At the end of the 20th century, meteorites obsessed our cinematic nightmares (see Deep Impact, Armageddon). At the start of the 21st century, these "extinction level" meteorites have been replaced by nuclear bombs. But the nukes that spook our age are not the organized arsenal of the Cold War (Dr. Strangelove to War Games), but small, user-friendly gadgets that can fit comfortably into a laptop case. Also, these nuclear bombs are not managed by big governments, but bought and sold on the open market, like used cars. This is the interesting part of Bad Company: It magnifies the most popular nightmare of the day. Outside of that, the film offers nothing but deep boredom.(Charles Mudede)
The Bourne Identity
Matt Damon plays Jason Bourne, or does he? The audience is in doubt because as the film opens, Bourne is being fished out of the ocean, stricken with the creakiest of Hollywood cliches--AMNESIA. He's then dropped in Switzerland, where he discovers a security box filled with fake passports, a pantsload of money, and a gun. As he stares at it, he wonders, "What is all this stuff and who am I?" Well, you could be a secret agent, you dumbshit! Bourne then hooks up with the requisite hot 'n' sexy accomplice (Franka Potente from Run Lola Run), and leads the CIA on a merry, cliché-ridden car chase through Paris. (By the way, if you ever direct a movie? Never shoot a car chase in Paris. Those Matchbox cars they drive look ridiculous.) Anyway, blah-blah-blah, Bourne and accomplice fall in love, blah-blah-blah, Bourne gets his memory back, and blah-blah-blah, you leave the theater with an ass that's half-asleep. (Wm. Steven Humphrey)
Robin Tunney is one of those hot young actresses who probably doesn't get enough credit for her acting because she's so darned hot and has such dreamy eyes. Of course, showing up in dreck like Supernova, Vertical Limit, and this attempted comedy doesn't help. Tunney's considerable charm is all Cherish has going for it. She plays a dowdy computer geek who's unjustly accused of the vehicular manslaughter of a San Francisco cop and sentenced to house arrest while awaiting trial. While confined, she straightens her hair, becomes hot, and develops warm feelings for the schlep (Tim Blake Nelson) who maintains her court-ordered ankle bracelet. Oh yeah, she also eventually tracks down the real killer. Robin's gal pal Liz Phair plays her bitchy boss, and Jason Preistley is a smarmy co-worker. If ever a movie needed more Jason Priestley, this is that movie. (Marc Mohan)
The feature debut from this video genius is rich with style and substance. Set in Paris, 1969, the film is like a visual hybrid of Barbarella, Weekend, and David Holzman's Diary, but its narrative texture is far more human than any of these arch influences would indicate. Davies is a would-be filmmaker caught between theory and inexperience, and a job making a trashy sci-fi movie affords him the ironic opportunity to become an artist. Dean Stockwell has a touching cameo as Davie's father. (Sean Nelson)
Divine Secrets of the Ya Ya Sisterhood
An insufferably Lifetime adaptation of the insufferable Oprah novel about an intergenerational cabal of insufferable quasi-Southern Gothic ladies. (Tamara Paris)
* Dogtown and Z Boys
A documentary on surfers turned skateboarders who started the boarding craze and meanwhile got famous. A tad self-referential, but still worth seeing for the life threatening guerilla surfing and skating and the boys divergent reactions to fame. (Katie Shimer)
A bunch of British math geniuses whose sole purpose was to crack German code spent the war sitting in a London mansion (Bletchley Park) and deciphering Shark, the most sophisticated type of cipher, sent from U boats. Rife with intrigue, Bletchley Park is the natural setting for the film Enigma. Dougray Scott plays Tom Jericho, the man who cracked Shark and subsequently had a nervous breakdown. Of course, his nervous breakdown isn't due to the pressure of having to save thousands of lives just by stringing numbers together--no, Jericho has a nervous breakdown because he got dumped by the woman he loved. (Julianne Shepherd)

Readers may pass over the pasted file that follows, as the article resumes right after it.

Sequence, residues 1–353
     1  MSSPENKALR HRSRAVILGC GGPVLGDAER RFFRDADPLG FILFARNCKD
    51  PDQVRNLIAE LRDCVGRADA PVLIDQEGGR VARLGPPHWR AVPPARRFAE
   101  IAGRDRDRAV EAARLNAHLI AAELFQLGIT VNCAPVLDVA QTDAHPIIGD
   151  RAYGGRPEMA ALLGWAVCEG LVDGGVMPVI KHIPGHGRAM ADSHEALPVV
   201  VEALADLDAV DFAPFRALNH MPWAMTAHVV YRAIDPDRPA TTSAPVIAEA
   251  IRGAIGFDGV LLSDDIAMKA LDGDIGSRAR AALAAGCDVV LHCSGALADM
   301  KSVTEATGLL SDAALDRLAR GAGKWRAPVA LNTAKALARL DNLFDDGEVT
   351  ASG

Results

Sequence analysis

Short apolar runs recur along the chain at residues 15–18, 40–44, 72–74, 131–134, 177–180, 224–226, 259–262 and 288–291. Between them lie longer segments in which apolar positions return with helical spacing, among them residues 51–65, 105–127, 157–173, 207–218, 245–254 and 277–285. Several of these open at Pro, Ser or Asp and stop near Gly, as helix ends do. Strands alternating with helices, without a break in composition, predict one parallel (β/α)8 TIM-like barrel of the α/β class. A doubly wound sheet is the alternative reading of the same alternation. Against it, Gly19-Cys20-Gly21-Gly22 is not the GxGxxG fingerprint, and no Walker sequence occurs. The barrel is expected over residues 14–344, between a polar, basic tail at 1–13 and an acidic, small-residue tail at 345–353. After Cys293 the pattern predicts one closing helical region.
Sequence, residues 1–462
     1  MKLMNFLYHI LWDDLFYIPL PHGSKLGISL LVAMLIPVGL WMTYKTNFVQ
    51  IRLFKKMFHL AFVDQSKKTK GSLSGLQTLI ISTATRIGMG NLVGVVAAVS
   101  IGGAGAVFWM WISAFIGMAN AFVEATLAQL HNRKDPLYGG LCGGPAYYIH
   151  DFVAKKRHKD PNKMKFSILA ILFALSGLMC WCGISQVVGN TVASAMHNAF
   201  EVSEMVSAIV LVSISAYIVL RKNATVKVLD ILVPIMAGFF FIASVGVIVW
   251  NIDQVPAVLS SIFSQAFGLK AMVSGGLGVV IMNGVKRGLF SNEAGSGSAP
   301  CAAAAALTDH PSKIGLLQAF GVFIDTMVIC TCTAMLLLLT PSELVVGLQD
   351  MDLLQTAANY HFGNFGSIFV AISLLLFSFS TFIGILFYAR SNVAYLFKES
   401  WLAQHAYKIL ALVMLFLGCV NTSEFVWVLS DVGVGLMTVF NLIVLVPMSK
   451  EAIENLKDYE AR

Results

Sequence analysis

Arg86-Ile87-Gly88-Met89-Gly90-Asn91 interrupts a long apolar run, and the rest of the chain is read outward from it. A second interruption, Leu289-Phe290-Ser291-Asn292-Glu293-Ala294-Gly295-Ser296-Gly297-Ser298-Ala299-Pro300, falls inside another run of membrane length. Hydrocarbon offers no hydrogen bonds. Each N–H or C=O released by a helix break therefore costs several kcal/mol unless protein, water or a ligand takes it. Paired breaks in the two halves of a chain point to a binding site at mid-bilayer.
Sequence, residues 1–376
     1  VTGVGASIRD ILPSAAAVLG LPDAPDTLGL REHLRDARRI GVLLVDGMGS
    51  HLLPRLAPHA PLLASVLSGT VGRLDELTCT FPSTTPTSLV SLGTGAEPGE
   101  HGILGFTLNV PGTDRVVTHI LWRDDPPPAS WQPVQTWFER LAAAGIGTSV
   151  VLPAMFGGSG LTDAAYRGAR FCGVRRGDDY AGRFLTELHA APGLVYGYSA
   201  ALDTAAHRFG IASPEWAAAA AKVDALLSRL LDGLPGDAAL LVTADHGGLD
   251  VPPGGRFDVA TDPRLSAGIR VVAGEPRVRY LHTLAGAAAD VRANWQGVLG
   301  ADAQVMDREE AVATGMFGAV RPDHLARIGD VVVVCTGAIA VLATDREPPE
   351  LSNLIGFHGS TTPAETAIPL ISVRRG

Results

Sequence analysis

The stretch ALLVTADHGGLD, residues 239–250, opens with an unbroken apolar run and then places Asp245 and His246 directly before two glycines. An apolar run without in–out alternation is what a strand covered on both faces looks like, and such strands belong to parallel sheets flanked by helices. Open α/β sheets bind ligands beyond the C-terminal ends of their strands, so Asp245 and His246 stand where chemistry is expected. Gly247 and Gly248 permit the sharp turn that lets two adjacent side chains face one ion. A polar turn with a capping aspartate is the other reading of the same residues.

J.Lo is a waitress; poor, beautiful, but still tough. She doesn't take any crap from any customers. That is, not until she meets the rich and charming Mitch (Bill Campbell), who whisks her off her feet, buys her an enormous house, and immediately impregnates her. Shortly after, he begins sleeping with other women. Then he starts beating J.Lo up. But will J.Lo stand for this? Of course not. For the J.Lo lover, this movie is better than her last few. For the non-J.Lo lover, don't bother. You'll hate it.
* Hot Skin
Disco Dolls fall victim to the long, sharp sword of pornstar John Homes... and it's all in 3-D. The body hair looks so real, you could reach out and touch it. Filmed in 1978.
The Importance of Being Earnest
This new adaptation is revolting, with Rupert Everett and Colin Firth swallowing all of Oscar Wilde's best lines. You lose everything by method-acting Wilde; his charm lies in all the stagy absurdity of drawing-room social intercourse.
Al Pacino plays Will Dormer, a hotshot homicide cop from L.A. who travels to a small town in Alaska to help solve the brutal murder of a 17-year-old girl. However, as it turns out, the real reason for his arrival is to escape a murky internal investigation back in Los Angeles. When Dormer's partner is accidentally killed while chasing after the murderer, Dormer is then drawn into an unholy alliance with the suspect (Robin Williams), who has developed a convincing scheme that will make both of their problems go away. Insomnia plays like a pot-boiling page-turner you can't put down, and this is largely due to the talents of director Christopher Nolan (Memento). When Dormer's character develops insomnia (due to Alaska's perpetual daylight, as well as his own guilt), Nolan uses the surrealistic side effects of the condition to fuel the cinematography; the atmosphere is constantly charged with the feeling of claustrophobia and dread. Meanwhile, the script wisely reveals its many secrets slowly, keeping the audience on seat's edge while pulling them easily from scene to scene. (Wm. Steven Humphrey)